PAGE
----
God Forsaken …{Guest Post in the Journey Through the Season of Lent ~ Week 5}


When I first started this journey through the season of Lent, I told ask my husband, Roger,  to consider writing a guest post during this series.  Thankfully, he has a way with words and agreed!  His words have weight because I know him well and his heart and character  speak the same language whether he’s speaking to one or one hundred. He’s an honest follower of Jesus Christ and has taught me more about what that means than anybody else I know. I’m thrilled to share his words with you here on A Life-giving Moment.

God Forsaken
By Roger Martin, Jr.

My God, my God, why have you forsaken me? Why are you so far from saving me, so far from my cries of anguish?  2 My God, I cry out by day, but you do not answer, by night, but I find no rest. (Psalm 22:1-2, NIV)

Let me ask you a question about the heartbreaking words above, but don’t answer too quickly.

Who is speaking?

My note identifies this as a quote from one of the Psalms in the Bible.  Psalm 22.  You will look at the title of Psalm 22 and discover that the anguished songwriter is David.  David is the one speaking.  King David, the second king of Israel.  Was that your answer?  Perhaps, but you may be conflicted, because he is not the only one.  You may have thought of another person.

In the pages of the Bible, God occasionally employs a creative device in which the word spoken reflects both a current event and a future event. A present story is fused with a future story.  An utterance is both a present proclamation and a future prophecy.  Welcome to Psalm 22.  And so, David is speaking his anguished, despairing question, but he utters the anguished despairing cry of a future man—a great, great, great…very Great grandson of his.  Jesus.

About three in the afternoon Jesus cried out in a loud voice, “Eli, Eli, lema sabachthani?” (which means “My God, my God, why have you forsaken me?”).  (Matthew 27:46, NIV)

Who is speaking in Psalm 22?  Clearly, it is Jesus.  Was that your answer?  Perhaps, but you may be conflicted, because he is not the only one.  You may have thought of another person.  You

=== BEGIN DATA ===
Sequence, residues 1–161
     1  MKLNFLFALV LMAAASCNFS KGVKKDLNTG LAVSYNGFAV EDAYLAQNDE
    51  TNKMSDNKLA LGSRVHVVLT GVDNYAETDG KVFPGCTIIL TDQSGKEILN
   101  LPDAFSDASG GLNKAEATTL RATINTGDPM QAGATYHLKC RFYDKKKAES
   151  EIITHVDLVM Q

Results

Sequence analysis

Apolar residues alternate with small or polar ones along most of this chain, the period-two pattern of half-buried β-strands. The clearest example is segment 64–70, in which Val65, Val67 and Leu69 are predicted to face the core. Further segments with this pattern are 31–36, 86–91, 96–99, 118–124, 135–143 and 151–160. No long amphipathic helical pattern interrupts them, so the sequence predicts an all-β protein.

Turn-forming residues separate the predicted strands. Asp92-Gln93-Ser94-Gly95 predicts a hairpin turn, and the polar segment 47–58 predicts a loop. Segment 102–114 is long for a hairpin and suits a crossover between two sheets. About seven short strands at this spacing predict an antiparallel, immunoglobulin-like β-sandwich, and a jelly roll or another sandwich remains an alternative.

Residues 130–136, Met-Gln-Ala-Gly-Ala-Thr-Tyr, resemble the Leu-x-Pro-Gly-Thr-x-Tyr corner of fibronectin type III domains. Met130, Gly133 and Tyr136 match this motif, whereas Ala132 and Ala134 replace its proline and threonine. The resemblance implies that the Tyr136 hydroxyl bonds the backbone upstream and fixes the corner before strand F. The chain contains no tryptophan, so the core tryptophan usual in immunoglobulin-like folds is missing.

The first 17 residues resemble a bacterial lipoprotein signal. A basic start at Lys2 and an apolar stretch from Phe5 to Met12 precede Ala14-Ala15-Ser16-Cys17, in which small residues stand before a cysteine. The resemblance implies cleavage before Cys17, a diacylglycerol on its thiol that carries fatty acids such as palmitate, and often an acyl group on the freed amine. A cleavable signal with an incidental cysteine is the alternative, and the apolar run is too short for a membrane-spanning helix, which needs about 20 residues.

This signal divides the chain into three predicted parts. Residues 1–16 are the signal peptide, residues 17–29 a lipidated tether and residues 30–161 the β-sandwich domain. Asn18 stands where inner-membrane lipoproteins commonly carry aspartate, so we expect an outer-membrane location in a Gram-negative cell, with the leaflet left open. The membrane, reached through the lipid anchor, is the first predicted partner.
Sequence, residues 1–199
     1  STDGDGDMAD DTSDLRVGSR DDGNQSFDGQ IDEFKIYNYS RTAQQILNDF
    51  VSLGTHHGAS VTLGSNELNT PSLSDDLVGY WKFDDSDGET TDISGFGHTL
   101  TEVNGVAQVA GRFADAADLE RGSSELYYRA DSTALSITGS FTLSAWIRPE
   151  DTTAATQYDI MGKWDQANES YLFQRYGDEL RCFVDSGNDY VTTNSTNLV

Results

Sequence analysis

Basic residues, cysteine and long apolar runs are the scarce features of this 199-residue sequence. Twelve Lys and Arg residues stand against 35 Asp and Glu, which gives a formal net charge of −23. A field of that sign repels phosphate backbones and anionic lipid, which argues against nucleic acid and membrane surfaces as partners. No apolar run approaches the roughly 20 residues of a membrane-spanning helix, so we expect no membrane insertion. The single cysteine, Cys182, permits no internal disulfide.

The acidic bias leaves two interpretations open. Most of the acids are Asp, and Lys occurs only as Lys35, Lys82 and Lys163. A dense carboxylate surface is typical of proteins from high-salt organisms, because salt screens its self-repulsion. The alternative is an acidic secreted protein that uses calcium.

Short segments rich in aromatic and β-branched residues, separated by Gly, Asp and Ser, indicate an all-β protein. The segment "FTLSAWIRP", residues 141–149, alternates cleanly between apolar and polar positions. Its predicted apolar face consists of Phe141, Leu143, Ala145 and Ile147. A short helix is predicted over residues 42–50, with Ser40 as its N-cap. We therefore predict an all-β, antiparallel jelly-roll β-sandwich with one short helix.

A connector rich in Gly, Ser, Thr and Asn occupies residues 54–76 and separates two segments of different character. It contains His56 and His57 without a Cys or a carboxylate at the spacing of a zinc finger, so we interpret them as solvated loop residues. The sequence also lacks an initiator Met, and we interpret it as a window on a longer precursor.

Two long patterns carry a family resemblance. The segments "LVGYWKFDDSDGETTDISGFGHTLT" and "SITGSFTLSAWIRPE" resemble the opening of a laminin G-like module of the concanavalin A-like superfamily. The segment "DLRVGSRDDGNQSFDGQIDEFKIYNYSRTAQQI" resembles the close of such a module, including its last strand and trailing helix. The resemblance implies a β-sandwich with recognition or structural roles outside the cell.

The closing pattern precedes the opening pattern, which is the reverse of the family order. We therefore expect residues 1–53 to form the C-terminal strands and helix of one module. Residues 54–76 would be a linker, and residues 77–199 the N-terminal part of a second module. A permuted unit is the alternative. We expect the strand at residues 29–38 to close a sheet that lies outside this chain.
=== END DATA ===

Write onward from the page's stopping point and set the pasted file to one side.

The Psalms—the poetic songbook of the Bible—are intended to express and resonate with the deepest emotions and experiences of the human condition.  It is no accident that you will be reading the verse of a psalmist and find yourself saying, “that’s me.  That is exactly what I feel.” Who is speaking in Psalm 22?  You.   And me.  It is our cry. And so Peter Kreeft writes:

“Out of our tears, our waiting, our darkness, our agonized aloneness, out of our weeping and wondering, out of our cry, ‘My God, my God, why hast thou forsaken me?’  He came all the way, right into that cry.” (Bread and Wine, Plough Publishing, 2003, pg. 157)

Is there any more universal cry in the history of the world?  Some of you may hesitate.  You have never actually mouthed the words, “My God, why hast thou forsaken me?’  Neither have I. But surely you have asked God to do a good thing, only to find him maddeningly unresponsive.  His addiction remains.  Your mother died.  Your daughter still will not speak to you.  Your father did not come back from the deployment.   You were still evicted.  The anxiety attacks are getting worse.  He still divorced you.  The molesting continued.  Your MS remains. No one wants to say “I do.”  Your friend remains unemployed.  You simply asked God to do good, but He did not come through.